adjustable rate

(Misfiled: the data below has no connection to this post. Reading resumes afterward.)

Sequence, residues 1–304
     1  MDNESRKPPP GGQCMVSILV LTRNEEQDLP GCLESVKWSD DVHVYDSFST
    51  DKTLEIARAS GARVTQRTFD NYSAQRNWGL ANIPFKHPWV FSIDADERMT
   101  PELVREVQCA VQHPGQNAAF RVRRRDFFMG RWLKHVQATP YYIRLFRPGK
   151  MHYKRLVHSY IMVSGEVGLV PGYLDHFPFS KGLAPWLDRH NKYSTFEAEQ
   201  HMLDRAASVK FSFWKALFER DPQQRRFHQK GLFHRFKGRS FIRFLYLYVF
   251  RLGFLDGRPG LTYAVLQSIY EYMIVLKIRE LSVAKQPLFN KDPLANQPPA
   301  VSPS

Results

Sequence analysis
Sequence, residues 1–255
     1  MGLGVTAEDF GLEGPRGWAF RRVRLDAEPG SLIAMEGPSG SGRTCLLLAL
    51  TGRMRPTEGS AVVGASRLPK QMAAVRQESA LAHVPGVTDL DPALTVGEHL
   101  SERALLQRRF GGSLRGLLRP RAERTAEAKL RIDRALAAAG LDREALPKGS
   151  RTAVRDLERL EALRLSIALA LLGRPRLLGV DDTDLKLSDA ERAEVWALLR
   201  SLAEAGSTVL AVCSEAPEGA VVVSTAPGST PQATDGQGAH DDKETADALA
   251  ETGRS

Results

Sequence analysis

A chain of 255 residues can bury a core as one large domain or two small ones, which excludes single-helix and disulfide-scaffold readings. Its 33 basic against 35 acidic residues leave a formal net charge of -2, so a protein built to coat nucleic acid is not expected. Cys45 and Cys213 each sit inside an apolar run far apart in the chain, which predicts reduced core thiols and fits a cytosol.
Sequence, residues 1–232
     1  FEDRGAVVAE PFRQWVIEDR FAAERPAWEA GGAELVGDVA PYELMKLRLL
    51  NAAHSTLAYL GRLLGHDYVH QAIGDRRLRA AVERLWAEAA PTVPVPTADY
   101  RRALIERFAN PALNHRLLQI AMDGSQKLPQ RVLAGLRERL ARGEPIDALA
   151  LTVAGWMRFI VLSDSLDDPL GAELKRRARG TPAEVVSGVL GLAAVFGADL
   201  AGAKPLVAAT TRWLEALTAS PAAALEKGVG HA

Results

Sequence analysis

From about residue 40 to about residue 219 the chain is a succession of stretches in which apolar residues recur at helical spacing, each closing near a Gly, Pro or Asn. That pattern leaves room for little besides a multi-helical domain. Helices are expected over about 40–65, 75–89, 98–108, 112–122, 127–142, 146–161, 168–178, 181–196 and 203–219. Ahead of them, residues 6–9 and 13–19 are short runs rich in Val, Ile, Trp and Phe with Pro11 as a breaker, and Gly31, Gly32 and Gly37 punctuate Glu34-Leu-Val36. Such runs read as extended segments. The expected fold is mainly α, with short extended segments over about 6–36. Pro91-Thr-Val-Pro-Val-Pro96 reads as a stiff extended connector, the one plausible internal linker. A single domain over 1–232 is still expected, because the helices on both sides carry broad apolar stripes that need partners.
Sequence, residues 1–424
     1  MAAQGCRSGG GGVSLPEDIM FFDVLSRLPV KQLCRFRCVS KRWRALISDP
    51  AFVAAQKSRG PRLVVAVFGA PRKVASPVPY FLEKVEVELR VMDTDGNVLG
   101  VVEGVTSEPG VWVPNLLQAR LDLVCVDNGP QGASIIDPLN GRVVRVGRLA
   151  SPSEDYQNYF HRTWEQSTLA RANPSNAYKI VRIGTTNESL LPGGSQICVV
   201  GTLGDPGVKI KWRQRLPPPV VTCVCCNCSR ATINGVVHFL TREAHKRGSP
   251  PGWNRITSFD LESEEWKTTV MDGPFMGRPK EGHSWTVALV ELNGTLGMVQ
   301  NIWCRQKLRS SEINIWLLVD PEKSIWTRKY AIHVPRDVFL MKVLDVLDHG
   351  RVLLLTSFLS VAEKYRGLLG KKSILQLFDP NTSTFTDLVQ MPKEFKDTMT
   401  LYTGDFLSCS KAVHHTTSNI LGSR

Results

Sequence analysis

A floating interest rate, also known as a variable or adjustable rate, refers to any type of debt instrument, such as a loan, bond, mortgage, or credit, that does not have a fixed rate of interest over the life of the instrument. Floating interest rates typically change based on a reference rate (a benchmark of any financial factor, such as the Consumer Price Index). One of the most common reference rates to use as the basis for applying floating interest rates is the London Inter-bank Offered Rate, or LIBOR (the rates at which large banks lend to each other). The rate for such debt will usually be referred to as a spread or margin over the base rate: for example, a five-year loan may be priced at the six-month LIBOR + 2.50%. At the end of each six-month period, the rate for the following period will be based on the LIBOR at that point (the reset date), plus the spread. The basis will be agreed between the borrower and lender, but 1, 3, 6 or 12 month money market rates are commonly used for commercial loans. Typically, floating rate loans will cost less than fixed rate loans, depending in part on the yield curve. In return for paying a lower loan rate, the borrower takes the interest rate risk: the risk that rates will go up in future. In cases where the yield curve is inverted, the cost of borrowing at floating rates may actually be higher; in most cases, however, lenders require higher rates for longer-term fixed-rate loans, because they are bearing the interest rate risk (risking that the rate will go up, and they will get lower interest income than they would otherwise have had). Certain types of floating rate loans, particularly mortgages, may have other special features such as interest rate caps, or limits on the maximum interest rate or maximum change in the interest rate that is allowable.

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